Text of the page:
I kept telling him his parents would be so proud of him and that he was a good man and to remember that he was standing guard, that he was at the War Memorial and he couldn’t have [been doing] a more distinguished thing when this happened. Mostly, I kept telling him he was loved that he was a good man and a brave man, and I just kept repeating that.
Q: What did you say in your prayers?
A: I just recited the Lord’s Prayer. I am not even religious. That’s what came to mind.
Q: Do you think he was aware of the people helping him?
A: I am sure he was, initially. I don’t know. He wasn’t moving but I had the sense he could hear. I hope he heard people helping him and praising him because anybody would need to hear that in that situation.
Q: Where were the two wounds?
A: On his side. One was on his left side, one was on his right side.
Q: Did you have medical training?
A: I was in the Naval Reserve, so I started as a medical assistant and we would get medical training. I had CPR and I had competed, when I was a medical assistant, in St. John Ambulance competitions.
I don’t want to use the word lucky. But he had a nurse there, he had military people who all know how to do CPR and first aid, and they would have all been very well trained on gunshot wounds and how to handle traumatic situations. I think that’s what contributed to everyone being calm and just working on him and focusing on just keeping him alive.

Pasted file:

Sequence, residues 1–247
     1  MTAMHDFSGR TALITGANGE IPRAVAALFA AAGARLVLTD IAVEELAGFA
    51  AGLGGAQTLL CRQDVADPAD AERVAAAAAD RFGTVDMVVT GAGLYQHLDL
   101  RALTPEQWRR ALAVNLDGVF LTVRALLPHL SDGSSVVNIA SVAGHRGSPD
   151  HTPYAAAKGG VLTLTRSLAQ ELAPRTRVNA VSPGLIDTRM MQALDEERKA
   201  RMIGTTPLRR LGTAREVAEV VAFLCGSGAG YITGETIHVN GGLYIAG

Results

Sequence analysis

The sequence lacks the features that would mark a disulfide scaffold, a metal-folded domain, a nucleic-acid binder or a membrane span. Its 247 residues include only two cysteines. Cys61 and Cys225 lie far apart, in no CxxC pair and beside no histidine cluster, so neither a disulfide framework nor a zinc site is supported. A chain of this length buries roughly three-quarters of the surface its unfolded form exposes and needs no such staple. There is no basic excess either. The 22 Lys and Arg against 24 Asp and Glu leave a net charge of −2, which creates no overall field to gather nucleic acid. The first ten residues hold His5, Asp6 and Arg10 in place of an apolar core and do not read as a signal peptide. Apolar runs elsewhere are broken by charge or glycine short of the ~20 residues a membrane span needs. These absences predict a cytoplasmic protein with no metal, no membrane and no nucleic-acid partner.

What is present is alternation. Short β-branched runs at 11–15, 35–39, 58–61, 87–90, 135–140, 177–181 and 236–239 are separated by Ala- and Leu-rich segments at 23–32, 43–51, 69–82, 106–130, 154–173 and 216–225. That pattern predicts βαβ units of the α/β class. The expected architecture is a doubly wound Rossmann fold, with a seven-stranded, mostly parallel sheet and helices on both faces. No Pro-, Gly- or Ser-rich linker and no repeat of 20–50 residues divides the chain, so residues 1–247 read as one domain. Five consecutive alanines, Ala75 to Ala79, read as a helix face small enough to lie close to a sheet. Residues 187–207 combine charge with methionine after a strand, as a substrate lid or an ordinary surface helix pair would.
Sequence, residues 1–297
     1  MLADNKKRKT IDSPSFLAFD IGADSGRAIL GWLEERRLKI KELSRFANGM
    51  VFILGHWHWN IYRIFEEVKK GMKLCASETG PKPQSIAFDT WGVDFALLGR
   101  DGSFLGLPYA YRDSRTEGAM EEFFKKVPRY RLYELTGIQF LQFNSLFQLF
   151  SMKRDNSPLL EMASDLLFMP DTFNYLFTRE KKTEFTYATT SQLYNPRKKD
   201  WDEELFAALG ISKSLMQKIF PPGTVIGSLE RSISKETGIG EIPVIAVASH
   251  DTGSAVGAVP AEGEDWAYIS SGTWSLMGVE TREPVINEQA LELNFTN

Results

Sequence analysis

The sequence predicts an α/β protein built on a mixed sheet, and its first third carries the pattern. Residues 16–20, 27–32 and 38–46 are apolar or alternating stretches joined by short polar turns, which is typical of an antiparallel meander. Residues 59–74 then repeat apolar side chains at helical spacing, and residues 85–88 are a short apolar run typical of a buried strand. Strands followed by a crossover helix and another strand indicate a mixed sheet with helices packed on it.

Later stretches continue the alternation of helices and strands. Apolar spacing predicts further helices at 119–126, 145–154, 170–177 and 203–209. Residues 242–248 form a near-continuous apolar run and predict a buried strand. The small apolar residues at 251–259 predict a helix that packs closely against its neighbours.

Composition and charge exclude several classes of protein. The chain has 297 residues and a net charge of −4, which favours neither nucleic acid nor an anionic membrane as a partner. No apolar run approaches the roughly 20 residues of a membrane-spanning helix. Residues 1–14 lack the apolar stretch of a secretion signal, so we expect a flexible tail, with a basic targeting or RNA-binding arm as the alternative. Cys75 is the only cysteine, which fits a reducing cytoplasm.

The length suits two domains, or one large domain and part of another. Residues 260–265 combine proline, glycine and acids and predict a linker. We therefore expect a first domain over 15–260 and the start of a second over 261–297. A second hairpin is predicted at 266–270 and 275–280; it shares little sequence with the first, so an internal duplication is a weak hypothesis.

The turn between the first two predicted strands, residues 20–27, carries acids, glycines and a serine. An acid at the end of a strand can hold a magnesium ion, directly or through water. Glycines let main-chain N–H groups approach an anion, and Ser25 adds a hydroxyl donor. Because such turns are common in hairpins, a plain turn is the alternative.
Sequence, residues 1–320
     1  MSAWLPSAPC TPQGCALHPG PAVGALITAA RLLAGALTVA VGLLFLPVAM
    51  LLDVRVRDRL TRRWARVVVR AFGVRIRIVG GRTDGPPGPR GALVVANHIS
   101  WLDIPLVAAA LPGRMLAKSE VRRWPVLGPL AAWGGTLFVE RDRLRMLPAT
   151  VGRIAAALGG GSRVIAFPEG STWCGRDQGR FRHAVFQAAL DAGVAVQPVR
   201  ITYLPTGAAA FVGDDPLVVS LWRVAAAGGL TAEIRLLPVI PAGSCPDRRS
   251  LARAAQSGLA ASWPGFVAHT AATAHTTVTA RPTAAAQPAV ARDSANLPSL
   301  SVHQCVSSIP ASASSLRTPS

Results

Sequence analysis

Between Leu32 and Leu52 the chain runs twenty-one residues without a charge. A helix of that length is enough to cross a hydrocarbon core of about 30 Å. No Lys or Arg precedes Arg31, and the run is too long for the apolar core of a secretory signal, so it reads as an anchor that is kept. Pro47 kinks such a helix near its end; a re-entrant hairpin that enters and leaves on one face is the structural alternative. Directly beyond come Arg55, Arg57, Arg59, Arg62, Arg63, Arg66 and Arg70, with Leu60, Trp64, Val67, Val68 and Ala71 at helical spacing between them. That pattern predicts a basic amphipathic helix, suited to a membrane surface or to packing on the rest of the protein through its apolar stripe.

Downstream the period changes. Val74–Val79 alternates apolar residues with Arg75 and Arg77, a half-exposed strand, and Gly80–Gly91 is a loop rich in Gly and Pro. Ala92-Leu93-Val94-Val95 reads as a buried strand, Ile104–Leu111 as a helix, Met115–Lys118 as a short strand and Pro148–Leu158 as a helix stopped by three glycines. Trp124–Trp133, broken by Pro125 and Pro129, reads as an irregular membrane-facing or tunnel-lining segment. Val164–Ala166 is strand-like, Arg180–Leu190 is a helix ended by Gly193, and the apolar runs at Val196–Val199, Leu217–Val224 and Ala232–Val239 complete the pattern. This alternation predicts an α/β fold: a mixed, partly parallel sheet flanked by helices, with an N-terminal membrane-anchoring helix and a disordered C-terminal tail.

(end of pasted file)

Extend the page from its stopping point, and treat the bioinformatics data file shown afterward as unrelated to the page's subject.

Q: What do you think compelled you to run there? A lot of people ran from the scene.
A: I don’t know. Honestly, I don’t know. I ran to help. It wasn’t a conscious decision. I am sure that having been in the reserves and being a medical assistant kicked in. I think most people want to run to help. I just happened to be there.
Q: You are a lawyer, right?
A: Yes, I am a lawyer with the Department of Justice. It’s been a long time since I was in the reserves.
Q: What was the feeling there that morning at the memorial? Were you in shock?
A: I wasn’t in shock at the time. I don’t think any of the people who were working on him were. The people there weren’t thinking of anything else. I did not see any policeman. I did not see any crowd control because we were just looking at that soldier.
Q: Did you see the gunman?
Q: Did it ever occur to you that you could be in danger?
A: It didn’t. That thought didn’t enter my head.
Q: It was a very emotional scene. Did you and the other bystander—the other woman, Margaret Lehre—speak afterwards?
A: Yes, we actually held hands afterwards. There was also a colonel on his way to DND who stopped to help. We spoke to each other and certainly we talked to each other and comforted each other on the way to the police station. I have spoken to Margaret on the phone and the colonel was nice enough to call me. I feel bad because the corporal who was there with [Nathan], he was there for the whole thing. He heard the shots, he went to help his comrade and I haven’t been able to speak to him.
Q: The funeral is on Tuesday. Are you planning on attending?
A: I will be going to the funeral if I can. I would like to attend. If I could, I would talk to the family beforehand. If I went, it would be to show respect and to remember him.
Q: What will you be thinking about that day?
A: His family. And him. I will never forget him. But mostly just his family, his siblings, if he has any, and his parents, but also his military family who must be missing him terribly, his comrades, his fellow soldiers. That’s what I will be thinking of.